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The Northrop Grumman B-2 Spirit, also known as the Stealth Bomber, is an American strategic bomber, featuring low observable stealth technology designed for penetrating dense anti-aircraft defenses; it is able to deploy both conventional and nuclear weapons. The bomber has a crew of two and can drop up to eighty 500 lb (230 kg)-class JDAM GPS-guided bombs, or sixteen 2,400 lb (1,100 kg) B83 nuclear bombs. The B-2 is the only aircraft that can carry large air-to-surface standoff weapons in a stealth configuration.

Because of its considerable capital and operating costs, the project was controversial in the U.S. Congress and among the Joint Chiefs of Staff. The winding-down of the Cold War in the latter portion of the 1980s dramatically reduced the need for the aircraft, which was designed with the intention of penetrating Soviet airspace and attacking high-value targets. During the late 1980s and 1990s, Congress slashed plans to purchase 132 bombers to 21. In 2008, a B-2 was destroyed in a crash shortly after takeoff, and the crew ejected safely. A total of 20 B-2s remain in service with the United States Air Force, who plan to operate the B-2 until 2058.

The B-2 is capable of all-altitude attack missions up to 50,000 feet (15,000 m), with a range of more than 6,000 nautical miles (11,000 km) unrefuelled and over 10,000 nautical miles (19,000 km) with one refueling. Though originally designed primarily as a nuclear bomber, it was first used in combat to drop conventional bombs on Serbia during the Kosovo War in 1999, and saw continued use during the war in Iraq and in Afghanistan.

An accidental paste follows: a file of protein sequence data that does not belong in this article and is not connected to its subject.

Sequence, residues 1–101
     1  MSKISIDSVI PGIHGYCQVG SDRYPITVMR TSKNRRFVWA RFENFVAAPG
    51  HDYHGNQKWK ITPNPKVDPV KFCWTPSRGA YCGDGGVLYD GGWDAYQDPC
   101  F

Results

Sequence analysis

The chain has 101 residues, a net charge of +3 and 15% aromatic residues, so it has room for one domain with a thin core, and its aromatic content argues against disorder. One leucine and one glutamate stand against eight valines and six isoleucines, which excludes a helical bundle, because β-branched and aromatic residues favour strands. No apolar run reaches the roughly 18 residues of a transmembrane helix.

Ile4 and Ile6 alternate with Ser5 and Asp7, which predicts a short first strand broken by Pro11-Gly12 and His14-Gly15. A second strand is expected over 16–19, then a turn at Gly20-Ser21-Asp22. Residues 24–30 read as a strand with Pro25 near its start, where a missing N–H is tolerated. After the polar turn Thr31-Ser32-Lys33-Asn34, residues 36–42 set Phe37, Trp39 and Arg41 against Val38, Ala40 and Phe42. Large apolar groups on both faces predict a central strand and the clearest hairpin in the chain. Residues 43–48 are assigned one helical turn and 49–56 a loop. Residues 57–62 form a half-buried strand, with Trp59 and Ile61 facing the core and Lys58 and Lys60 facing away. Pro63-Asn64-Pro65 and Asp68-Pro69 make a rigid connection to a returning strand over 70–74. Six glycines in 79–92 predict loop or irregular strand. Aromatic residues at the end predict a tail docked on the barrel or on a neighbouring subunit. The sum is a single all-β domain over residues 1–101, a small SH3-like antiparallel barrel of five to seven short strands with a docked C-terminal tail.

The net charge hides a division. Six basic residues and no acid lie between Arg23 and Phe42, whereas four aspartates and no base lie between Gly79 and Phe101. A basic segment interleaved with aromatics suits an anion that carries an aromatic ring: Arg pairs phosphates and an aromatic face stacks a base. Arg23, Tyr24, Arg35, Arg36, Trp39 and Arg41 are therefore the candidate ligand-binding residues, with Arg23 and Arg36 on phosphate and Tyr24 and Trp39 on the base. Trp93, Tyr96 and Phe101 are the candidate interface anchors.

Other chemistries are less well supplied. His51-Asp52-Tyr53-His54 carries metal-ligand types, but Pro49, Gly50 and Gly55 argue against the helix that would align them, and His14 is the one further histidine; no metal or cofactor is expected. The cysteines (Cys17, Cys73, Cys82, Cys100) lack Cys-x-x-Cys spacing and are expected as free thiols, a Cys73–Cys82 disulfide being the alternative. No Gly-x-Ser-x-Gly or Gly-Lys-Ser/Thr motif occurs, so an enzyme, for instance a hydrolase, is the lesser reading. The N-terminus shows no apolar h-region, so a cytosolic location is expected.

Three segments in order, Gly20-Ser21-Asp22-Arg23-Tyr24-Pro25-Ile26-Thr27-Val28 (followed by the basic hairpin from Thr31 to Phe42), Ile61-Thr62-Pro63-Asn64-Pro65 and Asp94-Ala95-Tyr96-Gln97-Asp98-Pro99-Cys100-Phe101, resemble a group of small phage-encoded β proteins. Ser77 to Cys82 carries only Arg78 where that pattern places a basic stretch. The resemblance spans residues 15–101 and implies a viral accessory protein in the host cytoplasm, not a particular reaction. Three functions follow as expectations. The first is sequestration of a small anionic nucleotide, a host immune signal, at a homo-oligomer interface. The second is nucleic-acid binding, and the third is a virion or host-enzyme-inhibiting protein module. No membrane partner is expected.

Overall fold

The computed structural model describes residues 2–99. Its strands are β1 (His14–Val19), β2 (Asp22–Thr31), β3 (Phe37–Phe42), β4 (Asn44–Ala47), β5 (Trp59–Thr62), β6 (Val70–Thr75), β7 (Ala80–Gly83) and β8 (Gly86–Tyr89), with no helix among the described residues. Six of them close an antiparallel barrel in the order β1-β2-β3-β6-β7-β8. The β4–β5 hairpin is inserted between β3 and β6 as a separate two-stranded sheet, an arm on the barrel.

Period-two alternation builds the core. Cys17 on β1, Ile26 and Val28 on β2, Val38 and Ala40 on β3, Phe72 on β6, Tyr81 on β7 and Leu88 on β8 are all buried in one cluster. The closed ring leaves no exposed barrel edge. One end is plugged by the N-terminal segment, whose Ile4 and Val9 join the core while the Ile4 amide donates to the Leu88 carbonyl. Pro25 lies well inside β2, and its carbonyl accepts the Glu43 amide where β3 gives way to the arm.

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Iron is a chemical element with the symbol Fe (from Latin: ferrum) and atomic number 26. It is a metal in the first transition series. It is by mass the most common element on Earth, forming much of Earth's outer and inner core. It is the fourth most common element in the Earth's crust. Iron's very common presence in rocky planets like Earth is due to its abundant production as a result of fusion in high-mass stars.

Iron chemical compounds, which include ferrous and ferric compounds, have many uses. Iron oxide mixed with aluminium powder can be ignited to create a thermite reaction, used in welding and purifying ores. It forms binary compounds with the halogens and the chalcogens. Among its organometallic compounds is ferrocene, the first sandwich compound discovered.

Iron plays an important role in biology, forming complexes with molecular oxygen in hemoglobin and myoglobin; these two compounds are common oxygen transport proteins in vertebrates. Iron is also the metal used at the active site of many important redox enzymes dealing with cellular respiration and oxidation and reduction in plants and animals.